Jack’s special hockey team, the Montgomery Cheetahs, is still soliciting donations for their big fundraiser coming up in May. I want to thank Kelly so very much for her donation. You rock, Kelly. You can make your own donation online.

14 thoughts on “Lessons of Packing #1

  1. I swear, random belongings turn sentient and multiply when they know you need to pack. It’s the only logical explanation.

    • You just missed one post. We’re buying a new house just a couple of miles away from where we are now. Very exciting! It’s okay. You can live your own life. :)

  2. This is why I prefer military moves. We get packers. And movers. We just have to unpack all the boxes. Eventually. Maybe.

    • For reals. The government moved us to Alaska and back when we lived there. It was awesome. I do have to admit that I’m kind of enjoying the inventory and culling of our possessions. The actually moving though? You’d better believe we’re throwing money at THAT situation.

  3. Omg I am going through the same thing! We just packed up all our warm clothes and my kids are running around in shirts, sandals and sweatshirts. I can’t cook bc I packed too many items and forgot to leave the right number of plates so we can’t all eat at the same time unless one of us eats out of Tupperware. But we got a new house and we are so excited!
    While packing I found that I have an unusual number of teapots.

    • Ha! That is totally something I would do. Congrats on your new house!!! I hope you and your teapots are very happy there. :)

  4. Just wait. At some point you will reach a stage where the stuff you have already packed takes up so much room that there is no available space for packing. Or living. We moved four blocks away after 32 years in the same house and it’s a miracle we are still talking, much less still married.

    • Yeah, the boxes are already taking over and it’s only been a couple days of packing. The only reason our marriage will get through this is because I am kind of a control freak and don’t let Alex pack or unpack. It’s a lot of work, but really better for everyone.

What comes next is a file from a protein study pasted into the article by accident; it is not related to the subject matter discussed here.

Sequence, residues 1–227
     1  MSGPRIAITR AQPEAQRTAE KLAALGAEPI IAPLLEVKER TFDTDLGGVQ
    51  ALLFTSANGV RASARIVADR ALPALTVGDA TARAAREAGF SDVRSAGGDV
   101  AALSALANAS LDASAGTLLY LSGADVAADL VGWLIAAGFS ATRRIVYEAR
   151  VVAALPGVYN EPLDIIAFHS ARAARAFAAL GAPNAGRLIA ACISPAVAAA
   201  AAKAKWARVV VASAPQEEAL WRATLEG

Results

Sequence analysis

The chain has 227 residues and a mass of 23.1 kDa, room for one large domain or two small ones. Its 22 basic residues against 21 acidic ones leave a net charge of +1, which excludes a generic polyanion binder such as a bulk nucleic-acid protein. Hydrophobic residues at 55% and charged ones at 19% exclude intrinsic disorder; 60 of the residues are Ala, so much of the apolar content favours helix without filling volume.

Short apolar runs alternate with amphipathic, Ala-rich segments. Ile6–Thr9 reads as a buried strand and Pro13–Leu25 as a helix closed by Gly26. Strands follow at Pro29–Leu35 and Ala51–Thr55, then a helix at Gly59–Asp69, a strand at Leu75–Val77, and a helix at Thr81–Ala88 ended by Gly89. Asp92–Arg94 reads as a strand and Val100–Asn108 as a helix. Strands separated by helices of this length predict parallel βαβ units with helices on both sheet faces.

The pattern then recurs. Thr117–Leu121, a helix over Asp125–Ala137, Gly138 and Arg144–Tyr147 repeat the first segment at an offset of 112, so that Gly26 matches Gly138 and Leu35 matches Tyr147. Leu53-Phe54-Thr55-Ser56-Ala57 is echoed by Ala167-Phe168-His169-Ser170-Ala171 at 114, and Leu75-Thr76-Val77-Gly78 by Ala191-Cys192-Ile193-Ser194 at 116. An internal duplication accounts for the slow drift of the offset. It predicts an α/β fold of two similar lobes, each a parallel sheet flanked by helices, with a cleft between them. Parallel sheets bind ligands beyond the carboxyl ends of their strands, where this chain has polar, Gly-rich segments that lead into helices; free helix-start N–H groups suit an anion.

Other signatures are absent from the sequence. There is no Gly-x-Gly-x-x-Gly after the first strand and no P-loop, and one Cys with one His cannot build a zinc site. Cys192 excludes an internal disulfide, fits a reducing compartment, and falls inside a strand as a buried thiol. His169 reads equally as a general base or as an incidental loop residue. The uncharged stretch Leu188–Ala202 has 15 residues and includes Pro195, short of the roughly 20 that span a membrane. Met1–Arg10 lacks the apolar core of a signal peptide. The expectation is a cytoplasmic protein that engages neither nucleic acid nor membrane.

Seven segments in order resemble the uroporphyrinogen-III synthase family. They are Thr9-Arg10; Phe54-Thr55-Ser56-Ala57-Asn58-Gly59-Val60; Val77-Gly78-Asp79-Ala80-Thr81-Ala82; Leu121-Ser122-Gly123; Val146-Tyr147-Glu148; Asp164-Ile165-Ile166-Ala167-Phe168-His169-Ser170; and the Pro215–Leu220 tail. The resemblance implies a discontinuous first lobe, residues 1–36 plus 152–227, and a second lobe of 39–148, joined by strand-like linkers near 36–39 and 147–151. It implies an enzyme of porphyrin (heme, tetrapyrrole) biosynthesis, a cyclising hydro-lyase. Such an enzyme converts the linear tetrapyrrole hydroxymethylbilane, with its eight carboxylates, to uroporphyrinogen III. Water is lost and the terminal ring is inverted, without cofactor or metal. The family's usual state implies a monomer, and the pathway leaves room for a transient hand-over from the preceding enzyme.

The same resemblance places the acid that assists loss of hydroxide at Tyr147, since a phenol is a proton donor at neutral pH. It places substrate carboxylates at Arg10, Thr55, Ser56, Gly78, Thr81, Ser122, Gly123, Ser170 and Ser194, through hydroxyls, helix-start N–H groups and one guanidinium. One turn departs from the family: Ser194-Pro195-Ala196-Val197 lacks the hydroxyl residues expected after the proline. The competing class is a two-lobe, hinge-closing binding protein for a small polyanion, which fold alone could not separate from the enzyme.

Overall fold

5. For someone who has moved an ungodly number of times, I hate packing. And unpacking. And moving. The whole process is the worst! This comment is not helpful, except that you have someone who will fully commiserate with you.

    • I do appreciate that. :) I don’t mind the packing and unpacking so much. It is the moving I don’t like. Fortunately, there are burly individuals you can hire to do that sort of thing for you.

  6. When we moved into our second floor flat twenty years ago we moved ourselves in. Over one weekend we each climbed up and down the forty odd stairs to the flat, carrying boxes, something like 83 times. We’re never moving out. Ever.
    Good luck with the move. The new house sounds completely awesome.

  7. I hate packing. Haaaate. The last time we moved, Matt’s company paid for packers and it was AMAZING. All in one day, they packed up everything we owned. They came back the next day and loaded everything on a truck. All I had to do was unpack and that is the only acceptable part of moving. Normally, it takes me a hundred years to pack and by the end, I am jamming random stuff into random boxes. And somehow, you never finish. There’s ALWAYS more stuff to pack.